Húsafell in W. Iceland is a Hidden Gem according to Forbes Magazine
As most visitor and locals know Iceland is full of hidden gems, both big and small. Spectacular waterfalls hidden just a short walk from the Ring Road, small villages, moss covered lava fields or craters. And then there are the areas and districts travellers have yet to discover. One of these is Húsafell, which Forbes Magazine describes as a "hidden gem". A day tour to Húsafell is a great alternative to the Golden Circle, or as a base for exploring West Iceland".
A chance to escape the tourists
The article describes Iceland as "quirky, welcoming, otherworldly, rugged and remote", but notes that the growing popularity of Iceland has caused congestion at some of the most popular destinations, especially those along the Golden Circle. The author tells the story of a friend who had been unable to take more than one photograph which "didn’t have a person, car, tour bus or camper van in the frame".
While it is true that there are places in Iceland where you can expect crowds, visitors don't need to go to any great lengths to experience the serenity of Icelandic nature. In fact, Iceland is full of "hidden gems", places where you can enjoy the otherworldly landscape and natural beauty. One of these is Húsafell in West Iceland.
"A 90-minute drive leads to Húsafell, a small, isolated community of permanent and holiday homes, right at the edge of the country’s uninhabited interior. This is where Icelanders escape city life and tourist throngs in Reykjavik. There are some savvy foreign visitors these days, but it generally feels like a hidden secret."
Húsafell is one of a number of such areas around Reykjavík. What they tend to have in common is that they are located close to sites of unusual natural beauty, hiking trails and stunning views, as well as small geothermal swimming pools and small cafés or restaurants serving the holidaying locals.
Take the scenic route
Forbes then goes on to point out an important truth about traveling in Iceland: Nearly all routes are scenic routes, and you are usually better off avoiding the shortcuts and taking the longer route to your destination, enjoying the scenery along the way:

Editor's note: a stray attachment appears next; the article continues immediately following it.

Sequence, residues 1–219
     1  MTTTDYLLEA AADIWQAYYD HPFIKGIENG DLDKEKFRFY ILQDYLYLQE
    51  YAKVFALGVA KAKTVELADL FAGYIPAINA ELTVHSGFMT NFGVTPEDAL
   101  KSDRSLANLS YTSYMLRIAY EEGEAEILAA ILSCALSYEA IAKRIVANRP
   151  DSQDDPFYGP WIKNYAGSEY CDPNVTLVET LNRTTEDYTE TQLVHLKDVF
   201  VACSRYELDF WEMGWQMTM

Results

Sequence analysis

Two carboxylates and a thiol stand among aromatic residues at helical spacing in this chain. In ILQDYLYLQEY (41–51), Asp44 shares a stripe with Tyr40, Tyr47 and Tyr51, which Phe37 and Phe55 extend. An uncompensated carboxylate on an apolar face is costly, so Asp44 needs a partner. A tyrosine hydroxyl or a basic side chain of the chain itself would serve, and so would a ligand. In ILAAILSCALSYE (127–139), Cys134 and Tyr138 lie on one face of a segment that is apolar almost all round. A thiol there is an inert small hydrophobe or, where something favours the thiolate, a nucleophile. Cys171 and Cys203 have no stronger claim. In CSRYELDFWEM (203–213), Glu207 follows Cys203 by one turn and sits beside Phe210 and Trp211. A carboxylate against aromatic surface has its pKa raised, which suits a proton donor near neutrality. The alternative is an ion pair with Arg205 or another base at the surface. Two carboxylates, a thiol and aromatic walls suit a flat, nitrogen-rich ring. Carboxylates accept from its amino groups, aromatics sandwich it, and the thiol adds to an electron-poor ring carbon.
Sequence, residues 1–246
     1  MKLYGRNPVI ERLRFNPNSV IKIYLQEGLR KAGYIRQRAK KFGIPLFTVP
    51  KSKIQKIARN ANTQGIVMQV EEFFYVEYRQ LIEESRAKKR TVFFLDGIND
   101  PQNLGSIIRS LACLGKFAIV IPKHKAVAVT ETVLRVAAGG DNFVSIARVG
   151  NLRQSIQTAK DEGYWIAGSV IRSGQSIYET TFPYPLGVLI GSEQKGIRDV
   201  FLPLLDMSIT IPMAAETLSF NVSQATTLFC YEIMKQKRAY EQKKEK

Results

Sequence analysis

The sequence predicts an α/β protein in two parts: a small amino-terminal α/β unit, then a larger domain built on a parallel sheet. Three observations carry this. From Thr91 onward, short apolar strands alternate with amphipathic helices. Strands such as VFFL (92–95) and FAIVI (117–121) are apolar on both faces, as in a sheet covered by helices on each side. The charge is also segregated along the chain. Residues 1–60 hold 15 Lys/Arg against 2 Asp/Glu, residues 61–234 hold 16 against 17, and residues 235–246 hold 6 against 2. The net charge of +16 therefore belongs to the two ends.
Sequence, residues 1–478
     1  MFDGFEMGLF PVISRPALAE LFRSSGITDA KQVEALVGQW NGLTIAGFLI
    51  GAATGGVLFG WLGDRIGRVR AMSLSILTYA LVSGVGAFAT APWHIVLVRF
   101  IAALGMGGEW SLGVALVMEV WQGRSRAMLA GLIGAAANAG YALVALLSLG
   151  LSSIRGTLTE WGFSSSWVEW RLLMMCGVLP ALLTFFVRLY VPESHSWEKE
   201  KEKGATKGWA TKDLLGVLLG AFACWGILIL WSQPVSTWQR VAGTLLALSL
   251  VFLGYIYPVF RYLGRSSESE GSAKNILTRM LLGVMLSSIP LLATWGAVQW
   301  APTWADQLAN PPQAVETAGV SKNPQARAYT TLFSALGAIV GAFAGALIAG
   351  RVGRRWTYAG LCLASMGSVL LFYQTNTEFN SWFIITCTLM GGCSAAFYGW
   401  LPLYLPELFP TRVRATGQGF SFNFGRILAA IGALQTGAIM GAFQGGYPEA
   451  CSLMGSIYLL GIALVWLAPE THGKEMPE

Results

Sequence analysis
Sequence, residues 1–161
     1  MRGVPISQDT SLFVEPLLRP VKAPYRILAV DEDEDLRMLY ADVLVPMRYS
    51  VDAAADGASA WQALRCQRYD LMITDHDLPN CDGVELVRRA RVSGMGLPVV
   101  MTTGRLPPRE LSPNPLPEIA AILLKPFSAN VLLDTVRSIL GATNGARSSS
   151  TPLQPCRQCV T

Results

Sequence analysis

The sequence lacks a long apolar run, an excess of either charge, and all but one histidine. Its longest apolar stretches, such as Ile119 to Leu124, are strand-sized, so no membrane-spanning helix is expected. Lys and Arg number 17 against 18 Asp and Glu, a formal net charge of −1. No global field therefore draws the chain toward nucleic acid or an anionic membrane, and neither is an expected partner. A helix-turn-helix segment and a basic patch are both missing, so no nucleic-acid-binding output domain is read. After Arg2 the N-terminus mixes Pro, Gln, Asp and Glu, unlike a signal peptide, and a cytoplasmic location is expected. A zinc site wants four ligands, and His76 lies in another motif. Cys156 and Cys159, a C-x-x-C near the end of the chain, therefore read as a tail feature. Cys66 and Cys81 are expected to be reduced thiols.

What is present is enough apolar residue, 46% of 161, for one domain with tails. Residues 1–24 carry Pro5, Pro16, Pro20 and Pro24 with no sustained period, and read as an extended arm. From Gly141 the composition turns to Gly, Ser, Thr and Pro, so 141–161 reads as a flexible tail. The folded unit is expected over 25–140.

"Might as well make it a six-hour drive. Ignore the tunnel leading out of Reykjavik and drive instead around the bay above it. The two-lane road hugs the shoreline, giving tremendous views of the shimmering water and steep-sloped volcanic hills covered with vegetation. Rocky streams punctuate the scenery. ... A few farms along the way have charming cafes selling hearty soup and local delicacies like blueberry lamb jerky, as well as sumptuous wool sweaters."
If you take Hvalfjörður be sure to stop at Glymur waterfall, the tallest waterfall in Iceland. To reach Glymur you must first take route 5001 Litlabotnsvegur, then hike 3 km - but the view is definitely worth it!
Another great way to reach Húsafell, especially if you are driving a decent mid-sized car or SUV (and mountain roads have not been closed due to snow), is to take Kaldidalur mountain road north from Þingvellir National Park. Kaldidalur is the shortest, and most easily accessible highland routes, offering great views of Langjökull glacier and barren highland deserts.
A luxury hotel, fine dining and stunning views
Forbes argues that one of the things which make Húsafell a great destination is Hótel Húsafell. A small luxurious boutique hotel with a great feng shui, full of "the Icelandic version of hygge". Hótel Húsafell has a fine-dining restaurant and a bar with great views and local craft beers.
A "gorgeous and tricky" golf course as well as well as biking and hiking routes. Some of Iceland's most fascinating lava caves as well as both glaciers and the Central Highlands are all within reach.
Lava caves and waterfalls
Forbes argues that if you visit Húsafell you should definitely check out Víðgelmir lava cave and visit the Langjökull Ice Tunnel, but we at Iceland Magazine would also like to recommend Surtshellir lava cave and Hraunfossar waterfalls. We are genuinely shocked Forbes left Hraunfossar out of their article, since Hraunfossar are unquestionably one of the most beautiful waterfalls in Iceland. A true hidden gem.
Forbes dishes out one piece of awful advice
The article does make one important error: The author claims that motorists who hit and kill sheep are "expected to buy the farmer a new sheep". This is incorrect and bad advice, as it might encourage people who hit sheep to run. In fact the sheep are all covered by insurance, and the farmer is compensated for his loss by his insurance.
Farmers want people to report collisions, not to collect damages, but to ensure they can collect the dead sheep from the road, or put sheep who have been seriously injured out of their misery: Please drive carefully, and please report any collisions with sheep!
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